2. Rick Stein remembers a hot Aussie Christmas

Rick-Stein-web.jpg“The first time I had an Australian Christmas, which was salad and prawns outdoor by the pool – and this was in the early-Eighties; my fond memories are always of having turkey or goose – but having a genuine Australian Christmas, which a lot of Aussies don’t have, they still have roast turkey, was quite special,” says the seafood aficionado.

3. Barbecuing in the snow is fine by Claire Thompson

Claire-Thompson-web.jpgThe ‘5 O’clock Apron’ blogger lived in Africa until she was eight, so grew up having hot Christmases by the pool, as did her Kiwi husband Matt. But some of her favourite Christmases have been since she moved to England and started spending them at her mum’s house in Shropshire, although they still rarely have turkey: “We have a brilliant photo of Matt standing in gum boots in about 3ft of snow with a head-torch on, barbecuing steaks in my mum’s garden.”

4. The trick is to have an all-day breakfast, says Kirstie Allsopp

Kirstie-Allsopp-web.jpgTo avoid rushing about with the turkey, while the kids open their presents first thing, the presenter and Kirstie’s Real Kitchen author has restructured Christmas day: “I like to do the supper at six o’clock, after the Queen’s speech, and basically have an all-day, rolling breakfast while everyone opens their presents. So, pancakes, scrambled eggs and maybe a bit of salmon – easy things. You can keep everyone fed and occupied – maybe have a couple of glasses of prosecco – and then have a big early supper.”

5. For Gino D’Acampo, Italian Christmas lunch is a serious business

Gino-D'Acampo-web.jpg“Here, it’s all about having a starter and then having this huge plate, where the turkey goes on top and the Yorkshire pudding and the potatoes, then it’s pretty much over. In Italy it’s different,” explains Gino D’Acampo, whose new book, Gino’s Italian Coastal Escape, was recently released. “We do between 10 and 15 different courses. We have fish, because we don’t have turkey. One of the dishes we do is sea bass cooked in a salt crust. We do a lot of antipasti, cured hams and cheeses. Then we do one or two plates of pasta. There is a lot for everybody, and you put everything in the middle of the table and spend four or five hours eating all beautiful different kinds of foods.”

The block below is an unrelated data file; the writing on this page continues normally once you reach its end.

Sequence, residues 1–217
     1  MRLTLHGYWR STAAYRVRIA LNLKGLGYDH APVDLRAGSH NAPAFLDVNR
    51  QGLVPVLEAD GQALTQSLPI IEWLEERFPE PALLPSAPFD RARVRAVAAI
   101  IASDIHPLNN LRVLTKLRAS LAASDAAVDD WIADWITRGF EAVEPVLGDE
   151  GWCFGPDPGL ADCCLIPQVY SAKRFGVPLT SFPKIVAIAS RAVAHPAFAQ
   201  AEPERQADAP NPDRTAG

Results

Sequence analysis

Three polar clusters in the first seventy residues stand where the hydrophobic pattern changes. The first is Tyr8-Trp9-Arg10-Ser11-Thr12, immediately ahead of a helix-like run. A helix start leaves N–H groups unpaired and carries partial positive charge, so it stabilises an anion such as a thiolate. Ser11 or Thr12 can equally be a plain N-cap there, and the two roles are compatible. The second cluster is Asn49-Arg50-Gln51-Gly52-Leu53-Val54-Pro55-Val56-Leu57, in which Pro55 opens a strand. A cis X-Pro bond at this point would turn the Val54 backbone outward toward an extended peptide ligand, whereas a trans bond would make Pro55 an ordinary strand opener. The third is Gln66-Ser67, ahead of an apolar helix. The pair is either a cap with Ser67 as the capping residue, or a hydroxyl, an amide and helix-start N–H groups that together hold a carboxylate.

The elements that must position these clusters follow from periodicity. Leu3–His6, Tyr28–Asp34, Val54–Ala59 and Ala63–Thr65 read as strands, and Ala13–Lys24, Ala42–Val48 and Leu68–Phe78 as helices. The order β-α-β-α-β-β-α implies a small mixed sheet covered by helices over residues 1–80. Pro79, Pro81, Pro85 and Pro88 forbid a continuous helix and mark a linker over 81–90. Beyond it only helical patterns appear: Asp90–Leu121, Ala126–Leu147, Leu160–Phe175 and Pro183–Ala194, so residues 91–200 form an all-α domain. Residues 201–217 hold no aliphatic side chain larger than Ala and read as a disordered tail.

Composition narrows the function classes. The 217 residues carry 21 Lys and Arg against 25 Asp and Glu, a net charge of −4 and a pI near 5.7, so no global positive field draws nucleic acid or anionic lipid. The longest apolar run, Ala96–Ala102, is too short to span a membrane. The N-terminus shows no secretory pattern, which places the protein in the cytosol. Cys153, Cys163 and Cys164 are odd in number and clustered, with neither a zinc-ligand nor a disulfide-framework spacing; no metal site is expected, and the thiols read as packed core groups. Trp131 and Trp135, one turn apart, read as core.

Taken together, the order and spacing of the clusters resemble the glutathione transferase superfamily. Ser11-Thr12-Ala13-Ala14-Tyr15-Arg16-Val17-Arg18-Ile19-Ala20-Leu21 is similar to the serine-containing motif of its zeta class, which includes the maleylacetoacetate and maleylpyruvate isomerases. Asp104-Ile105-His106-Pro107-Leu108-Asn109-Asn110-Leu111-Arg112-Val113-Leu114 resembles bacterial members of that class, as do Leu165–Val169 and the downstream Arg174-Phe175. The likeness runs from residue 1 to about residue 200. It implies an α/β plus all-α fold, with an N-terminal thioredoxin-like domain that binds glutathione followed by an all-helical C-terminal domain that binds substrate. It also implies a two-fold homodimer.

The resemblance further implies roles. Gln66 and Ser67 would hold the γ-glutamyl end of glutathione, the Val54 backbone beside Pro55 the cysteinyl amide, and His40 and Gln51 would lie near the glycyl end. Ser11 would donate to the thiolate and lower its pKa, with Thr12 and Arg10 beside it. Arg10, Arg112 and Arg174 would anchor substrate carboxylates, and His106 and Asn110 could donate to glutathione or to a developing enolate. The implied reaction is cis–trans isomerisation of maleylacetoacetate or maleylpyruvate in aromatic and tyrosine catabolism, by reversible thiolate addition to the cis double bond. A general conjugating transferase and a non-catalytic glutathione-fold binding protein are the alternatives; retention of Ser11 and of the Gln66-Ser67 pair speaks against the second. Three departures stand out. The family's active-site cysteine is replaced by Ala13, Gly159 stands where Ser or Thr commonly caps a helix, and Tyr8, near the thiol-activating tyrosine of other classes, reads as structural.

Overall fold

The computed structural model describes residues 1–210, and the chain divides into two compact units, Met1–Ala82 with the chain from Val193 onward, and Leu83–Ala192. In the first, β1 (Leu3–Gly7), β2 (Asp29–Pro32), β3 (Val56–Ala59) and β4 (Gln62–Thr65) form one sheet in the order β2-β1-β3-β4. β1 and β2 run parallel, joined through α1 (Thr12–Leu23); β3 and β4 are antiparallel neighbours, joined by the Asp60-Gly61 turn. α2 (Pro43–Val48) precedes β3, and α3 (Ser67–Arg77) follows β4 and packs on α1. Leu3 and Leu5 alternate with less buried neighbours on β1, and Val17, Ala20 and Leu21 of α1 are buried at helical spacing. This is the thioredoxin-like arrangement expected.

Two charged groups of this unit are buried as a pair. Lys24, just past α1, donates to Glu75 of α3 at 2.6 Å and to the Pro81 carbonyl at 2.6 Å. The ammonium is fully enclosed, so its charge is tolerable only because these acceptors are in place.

So you’re just about to become a first time landlord?

How choosing the wrong letting agent will make you cry…

It happens more often than you think.You might get a new job offer that’s too good to turn down, you may decide to move in with your partner or you may just fancy a change of scenery and take some time out traveling.

The thing is, what do you do with your home? You could sell it, and reinvest the money, although returns on most things are very poor nowadays, as well as taking on a large amount of risk. So why not keep it?

If you keep it, you can either leave it sat empty and have a friend or family member check on it every once and a while, or you could let it out and hopefully make additional income along the way.

This is where doubts start to creep in…this is where becoming a first time landlord really can start you off worrying about your home that you have painstakingly improved and maintained over the years. There are so many horror stories about people renting out their homes from tenants not paying the bills, blocking the drains, decorating in unsuitable colours to running illegal ‘so-called businesses’. The problem is that a lot of dysfunctional, criminal, deranged or antisocial people can, when the occasion demands, give an impression of being an upstanding trustworthy member of society.

Unfortunately, without carrying out the right checks and trying to mitigate the risk as much as possible you may find, to your cost, that you end up with an unsavory character renting out your home.

Even if you do carry out the right checks, there is always the chance of things going wrong …way into the time scale of the tenancy. For example, what happens if the tenant stops paying, for no apparent reason? This can really start to cause cash flow issues.

There are also the legal obligations of being a landlord. Falling foul of the law can end up costing you an awful lot of money. For example, failure to comply with gas safety regulations could lead to prosecution and/or imprisonment with fines up to £25,000. Then, of course, there is the legal requirement to put your tenant’s deposit into a government-backed tenancy deposit scheme (TDS) See details about ‘Tenancy deposit protection’ on the UK Gov. website.https://www.gov.uk/tenancy-deposit-protection

So the choice is yours… do it yourself or bring in a Letting Agent to help you.

So what should you really be looking out for in a lettings agency?

There are a few things that your letting agent must cover without a shadow of a doubt. If they can’t help you with these five things…then stay well clear.

  • Processes and measures in place for finding the right tenants
  • Health and Safety – complying with the law
  • Optimising rental income
  • Tenancy deposit scheme
  • Comprehensive tenancy agreement

Accreditations
Choose a letting agent who is a member of the National Approved Letting Scheme (NALS), or one of the professional bodies that support it.